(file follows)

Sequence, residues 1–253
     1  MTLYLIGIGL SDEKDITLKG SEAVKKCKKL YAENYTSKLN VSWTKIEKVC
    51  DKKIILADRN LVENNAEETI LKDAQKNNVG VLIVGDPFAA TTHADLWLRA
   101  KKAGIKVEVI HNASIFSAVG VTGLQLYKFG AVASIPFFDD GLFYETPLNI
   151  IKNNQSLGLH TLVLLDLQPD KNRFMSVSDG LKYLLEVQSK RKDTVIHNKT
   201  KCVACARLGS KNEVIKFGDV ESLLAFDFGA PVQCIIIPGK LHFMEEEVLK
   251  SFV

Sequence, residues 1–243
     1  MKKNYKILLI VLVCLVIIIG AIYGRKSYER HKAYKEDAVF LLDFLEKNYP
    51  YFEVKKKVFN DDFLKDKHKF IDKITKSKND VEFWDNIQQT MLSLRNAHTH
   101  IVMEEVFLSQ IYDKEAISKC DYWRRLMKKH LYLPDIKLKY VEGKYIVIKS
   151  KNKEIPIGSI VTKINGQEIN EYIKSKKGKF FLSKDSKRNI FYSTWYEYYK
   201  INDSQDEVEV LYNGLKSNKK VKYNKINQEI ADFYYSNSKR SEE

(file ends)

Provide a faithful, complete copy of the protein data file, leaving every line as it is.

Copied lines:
Sequence, residues 1–253
     1  MTLYLIGIGL SDEKDITLKG SEAVKKCKKL YAENYTSKLN VSWTKIEKVC
    51  DKKIILADRN LVENNAEETI LKDAQKNNVG VLIVGDPFAA TTHADLWLRA
   101  KKAGIKVEVI HNASIFSAVG VTGLQLYKFG AVASIPFFDD GLFYETPLNI
   151  IKNNQSLGLH TLVLLDLQPD KNRFMSVSDG LKYLLEVQSK RKDTVIHNKT
   201  KCVACARLGS KNEVIKFGDV ESLLAFDFGA PVQCIIIPGK LHFMEEEVLK
   251  SFV

Sequence, residues 1–243
     1  MKKNYKILLI VLVCLVIIIG AIYGRKSYER HKAYKEDAVF LLDFLEKNYP
    51  YFEVKKKVFN DDFLKDKHKF IDKITKSKND VEFWDNIQQT MLSLRNAHTH
   101  IVMEEVFLSQ IYDKEAISKC DYWRRLMKKH LYLPDIKLKY VEGKYIVIKS
   151  KNKEIPIGSI VTKINGQEIN EYIKSKKGKF FLSKDSKRNI FYSTWYEYYK
   201  INDSQDEVEV LYNGLKSNKK VKYNKINQEI ADFYYSNSKR SEE